George Stoll, Untitled (Christmas Lights, Pinks), 2004 (detail), silk organza, silk thread, 40-1⁄4 x 72-1⁄4 inches, framed

George Stoll, Untitled (Christmas Lights, Pinks), 2004, silk organza, silk thread, 40-1/4 x 72-1/4 in.

George Stoll

Ten Holidays

27 December, 2005–29 January, 2006

George Stoll: Ten Holidays, publication available

David Levinthal


27 December, 2005–29 January, 2006

David Levinthal, Saturday Matinee, 1998
Polaroid print, 24 x 20 in.

David Levinthal, Saturday Matinee, 1998. Polaroid print, 24 x 20 inches
David Levinthal, Untitled, Barbie (Black Magic), 1998, Polaroid print, 24 x 20 inches. Ed. 4/5

David Levinthal, Untitled, Barbie (Black Magic), 1998, Polaroid print, 24 x 20 inches. Ed. 4/5

George Stoll, Untitled (Riddler Costume), 2000, silk organza, silk thread, and acrylic, 35-1⁄2 x 19 x 6 inches

George Stoll, Untitled (Riddler Costume), 2000, silk organza, silk thread, and acrylic, 35-1/2 x 19 x 6 inches

Press release

The Baldwin Gallery is pleased to present new sculpture by acclaimed contemporary artist George Stoll. Known for his visual exploration of objects from everyday life and popular culture, the artist focuses on favorite American holidays in his current show. Since Stoll began making the holiday series in 1994, his sculptures have evolved from replicas of festive accessories into more conceptual works. The artist seeks the most evocative aspect of each celebration and connects it with the viewer’s personal memories. A fully-illustrated catalogue, featuring an essay by distinguished arts writer Linda Yablonsky, accompanies the exhibition.

Working with a variety of media including plaster, cheesecloth, silk organza and paint, George Stoll creates unique interpretations of porch flags, Easter eggs, Thanksgiving dinner platters and Christmas lights. These colorful sculptures conjure up the magic of childhood beliefs in Santa Claus and other fantasy figures. Distortions such as bashed-in Halloween masks and vernacular vocabulary are important to this series. During a recent artist’s residency at the American Academy in Rome, Stoll was inspired to make the Valentine’s Day pieces. His exploration of erotic love became manifest in a bowl filled with breasts, inspired by the abundance of ancient fertility goddesses and the primal love between mother and child. Individual experiences intertwine with the larger overlay of national celebrations, resulting in a distinctive visual analysis of holiday themes.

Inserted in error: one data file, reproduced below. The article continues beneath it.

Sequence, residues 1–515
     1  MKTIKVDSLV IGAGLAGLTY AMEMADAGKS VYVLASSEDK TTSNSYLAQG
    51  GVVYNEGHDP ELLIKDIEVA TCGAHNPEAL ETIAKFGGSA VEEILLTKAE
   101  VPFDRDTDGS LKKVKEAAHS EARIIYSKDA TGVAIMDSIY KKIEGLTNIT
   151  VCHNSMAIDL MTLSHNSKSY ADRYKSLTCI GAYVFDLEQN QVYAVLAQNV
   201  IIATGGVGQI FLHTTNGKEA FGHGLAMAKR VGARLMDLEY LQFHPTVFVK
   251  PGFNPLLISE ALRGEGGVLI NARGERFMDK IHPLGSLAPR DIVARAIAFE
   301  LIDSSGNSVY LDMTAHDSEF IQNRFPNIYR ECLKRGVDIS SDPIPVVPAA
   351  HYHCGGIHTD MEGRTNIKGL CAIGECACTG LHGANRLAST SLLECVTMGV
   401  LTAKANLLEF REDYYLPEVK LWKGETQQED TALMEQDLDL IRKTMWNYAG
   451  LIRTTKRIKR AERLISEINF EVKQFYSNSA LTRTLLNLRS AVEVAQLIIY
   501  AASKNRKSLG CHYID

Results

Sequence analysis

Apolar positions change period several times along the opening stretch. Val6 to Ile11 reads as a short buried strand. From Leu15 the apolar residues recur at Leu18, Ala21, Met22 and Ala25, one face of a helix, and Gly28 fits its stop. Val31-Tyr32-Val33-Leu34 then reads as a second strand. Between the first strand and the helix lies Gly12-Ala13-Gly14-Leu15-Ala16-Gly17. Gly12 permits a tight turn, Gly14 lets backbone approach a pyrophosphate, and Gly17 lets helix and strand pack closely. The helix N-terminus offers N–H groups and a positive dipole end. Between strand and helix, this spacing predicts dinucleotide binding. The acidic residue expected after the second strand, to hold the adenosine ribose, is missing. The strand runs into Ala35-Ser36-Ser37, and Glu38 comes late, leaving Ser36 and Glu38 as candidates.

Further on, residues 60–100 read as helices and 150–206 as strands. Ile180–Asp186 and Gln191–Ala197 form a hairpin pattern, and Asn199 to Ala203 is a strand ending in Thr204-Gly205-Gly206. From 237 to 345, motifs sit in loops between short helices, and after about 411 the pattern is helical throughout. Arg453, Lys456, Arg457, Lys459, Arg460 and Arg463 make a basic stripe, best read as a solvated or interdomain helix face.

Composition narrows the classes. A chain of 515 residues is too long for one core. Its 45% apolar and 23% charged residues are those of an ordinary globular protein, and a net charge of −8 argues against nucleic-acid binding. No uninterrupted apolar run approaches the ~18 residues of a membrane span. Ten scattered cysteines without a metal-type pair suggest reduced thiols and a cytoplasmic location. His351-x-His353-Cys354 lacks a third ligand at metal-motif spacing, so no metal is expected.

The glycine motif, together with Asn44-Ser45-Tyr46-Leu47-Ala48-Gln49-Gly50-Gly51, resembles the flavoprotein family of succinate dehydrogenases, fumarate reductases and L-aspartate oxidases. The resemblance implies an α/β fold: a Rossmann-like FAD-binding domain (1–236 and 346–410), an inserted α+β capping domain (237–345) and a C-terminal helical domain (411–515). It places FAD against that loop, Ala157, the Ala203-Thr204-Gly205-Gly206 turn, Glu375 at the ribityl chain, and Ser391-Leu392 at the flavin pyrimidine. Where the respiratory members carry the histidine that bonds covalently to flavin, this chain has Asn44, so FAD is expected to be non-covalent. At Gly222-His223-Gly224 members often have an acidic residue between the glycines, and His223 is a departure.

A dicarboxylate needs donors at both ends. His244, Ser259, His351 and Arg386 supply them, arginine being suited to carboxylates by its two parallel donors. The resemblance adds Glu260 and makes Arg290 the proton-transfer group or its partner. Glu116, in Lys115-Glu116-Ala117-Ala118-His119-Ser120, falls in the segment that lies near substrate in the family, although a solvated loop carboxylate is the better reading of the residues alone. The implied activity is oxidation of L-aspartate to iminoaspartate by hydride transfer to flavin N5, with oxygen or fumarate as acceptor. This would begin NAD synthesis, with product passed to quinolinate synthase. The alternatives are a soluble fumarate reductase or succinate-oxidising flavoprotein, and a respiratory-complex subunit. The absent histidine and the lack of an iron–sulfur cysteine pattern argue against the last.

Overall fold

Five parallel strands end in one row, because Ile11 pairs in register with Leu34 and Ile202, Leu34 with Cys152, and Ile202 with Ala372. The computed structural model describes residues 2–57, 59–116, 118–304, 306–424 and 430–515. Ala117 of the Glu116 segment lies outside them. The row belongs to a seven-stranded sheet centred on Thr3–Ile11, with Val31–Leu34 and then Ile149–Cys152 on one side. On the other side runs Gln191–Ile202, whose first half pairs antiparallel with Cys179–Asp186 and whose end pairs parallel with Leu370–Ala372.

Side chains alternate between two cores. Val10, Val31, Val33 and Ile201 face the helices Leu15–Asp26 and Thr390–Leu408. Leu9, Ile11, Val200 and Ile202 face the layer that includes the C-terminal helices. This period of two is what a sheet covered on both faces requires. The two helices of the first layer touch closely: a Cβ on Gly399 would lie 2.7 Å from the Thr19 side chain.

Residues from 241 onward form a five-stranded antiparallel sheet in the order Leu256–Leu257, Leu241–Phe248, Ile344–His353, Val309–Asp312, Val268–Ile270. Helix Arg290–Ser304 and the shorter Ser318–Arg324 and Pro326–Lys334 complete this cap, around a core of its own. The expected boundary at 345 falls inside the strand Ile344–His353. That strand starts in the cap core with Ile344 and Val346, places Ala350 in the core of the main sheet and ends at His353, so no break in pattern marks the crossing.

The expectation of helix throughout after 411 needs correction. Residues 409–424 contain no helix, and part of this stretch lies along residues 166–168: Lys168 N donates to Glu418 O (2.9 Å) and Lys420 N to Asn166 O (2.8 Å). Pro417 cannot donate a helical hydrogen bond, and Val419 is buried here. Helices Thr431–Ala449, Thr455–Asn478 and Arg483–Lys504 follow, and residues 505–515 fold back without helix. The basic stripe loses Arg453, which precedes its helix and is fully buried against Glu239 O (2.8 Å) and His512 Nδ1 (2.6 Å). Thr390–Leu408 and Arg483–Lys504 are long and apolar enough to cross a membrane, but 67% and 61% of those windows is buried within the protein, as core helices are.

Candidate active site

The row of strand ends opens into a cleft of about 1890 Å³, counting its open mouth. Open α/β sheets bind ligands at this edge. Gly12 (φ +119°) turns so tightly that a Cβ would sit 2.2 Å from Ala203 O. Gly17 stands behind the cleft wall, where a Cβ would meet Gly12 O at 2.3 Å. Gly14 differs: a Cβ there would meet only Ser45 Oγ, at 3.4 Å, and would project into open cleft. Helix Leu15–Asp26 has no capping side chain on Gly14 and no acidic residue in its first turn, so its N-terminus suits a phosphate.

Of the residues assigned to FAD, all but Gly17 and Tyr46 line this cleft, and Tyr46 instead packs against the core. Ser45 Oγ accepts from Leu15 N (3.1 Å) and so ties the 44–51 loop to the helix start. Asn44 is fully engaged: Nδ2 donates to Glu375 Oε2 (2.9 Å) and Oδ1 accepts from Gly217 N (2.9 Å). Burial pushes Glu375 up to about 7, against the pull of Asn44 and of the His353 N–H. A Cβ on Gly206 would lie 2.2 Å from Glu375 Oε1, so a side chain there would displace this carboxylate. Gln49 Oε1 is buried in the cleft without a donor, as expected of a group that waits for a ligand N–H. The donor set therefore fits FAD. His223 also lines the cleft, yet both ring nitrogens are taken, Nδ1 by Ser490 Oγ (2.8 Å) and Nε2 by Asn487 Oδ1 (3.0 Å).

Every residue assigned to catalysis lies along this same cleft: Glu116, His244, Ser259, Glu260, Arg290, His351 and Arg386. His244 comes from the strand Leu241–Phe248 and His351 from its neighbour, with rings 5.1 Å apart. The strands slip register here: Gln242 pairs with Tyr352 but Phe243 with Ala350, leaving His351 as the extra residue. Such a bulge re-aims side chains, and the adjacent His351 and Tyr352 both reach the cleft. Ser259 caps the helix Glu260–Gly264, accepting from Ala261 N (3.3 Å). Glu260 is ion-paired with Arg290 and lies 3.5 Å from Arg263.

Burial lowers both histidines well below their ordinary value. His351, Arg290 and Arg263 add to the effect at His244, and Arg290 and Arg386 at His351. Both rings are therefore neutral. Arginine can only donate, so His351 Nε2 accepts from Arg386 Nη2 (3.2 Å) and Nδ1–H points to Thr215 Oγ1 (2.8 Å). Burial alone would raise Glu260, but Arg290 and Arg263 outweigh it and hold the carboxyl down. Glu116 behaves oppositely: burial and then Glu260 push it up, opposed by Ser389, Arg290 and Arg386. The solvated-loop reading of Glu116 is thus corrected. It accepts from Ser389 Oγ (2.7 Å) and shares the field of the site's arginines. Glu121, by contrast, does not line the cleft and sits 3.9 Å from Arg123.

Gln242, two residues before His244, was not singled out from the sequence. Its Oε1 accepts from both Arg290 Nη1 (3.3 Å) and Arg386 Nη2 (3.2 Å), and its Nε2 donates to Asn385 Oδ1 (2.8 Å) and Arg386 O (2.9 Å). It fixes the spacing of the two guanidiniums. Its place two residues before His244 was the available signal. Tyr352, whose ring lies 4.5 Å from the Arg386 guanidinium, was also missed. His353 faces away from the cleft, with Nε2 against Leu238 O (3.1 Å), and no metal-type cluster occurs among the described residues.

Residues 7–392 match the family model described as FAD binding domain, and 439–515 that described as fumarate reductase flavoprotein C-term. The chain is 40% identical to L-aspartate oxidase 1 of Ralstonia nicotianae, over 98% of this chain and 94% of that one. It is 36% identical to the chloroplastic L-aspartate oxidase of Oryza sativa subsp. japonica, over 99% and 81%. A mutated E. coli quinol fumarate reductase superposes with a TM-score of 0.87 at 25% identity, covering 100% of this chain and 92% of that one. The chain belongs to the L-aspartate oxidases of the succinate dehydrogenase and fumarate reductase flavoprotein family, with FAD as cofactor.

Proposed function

Born in Baltimore, Maryland in 1954, George Stoll lives and works in Los Angeles. His art is found in such public collections as the San Diego Museum of Contemporary Art, Brandeis University-Rose Art Museum, University of Washington-Henry Art Gallery, Seattle Art Museum, and the Museum of Contemporary Art, Los Angeles.

Also showing at the Baldwin Gallery will be Girlfriend!, a series of photographs by David Levinthal, featuring glamorous Barbie imagery. Mattel Inc. commissioned the artist to make portraits of Barbie adorned in stylish mid-twentieth century fashions. Using a nine-foot Polaroid Land camera, Levinthal created limited-edition photographs of these classic dolls, as documented in the book Barbie Millicent Roberts: An Original.

Originally from San Francisco, David Levinthal lives and works in New York City. He holds degrees from the Massachusetts Institute of Technology, Yale University and Stanford University. His photographs are found in numerous prestigious collections including the Art Institute of Chicago, the Centre Pompidou in Paris; the Los Angeles County Museum of Art; the Museum of Modern Art in New York; the National Gallery of New Zealand in Wellington; and the Whitney Museum of American Art.

Images are available upon request. Please call 970.920.9797 for further information.

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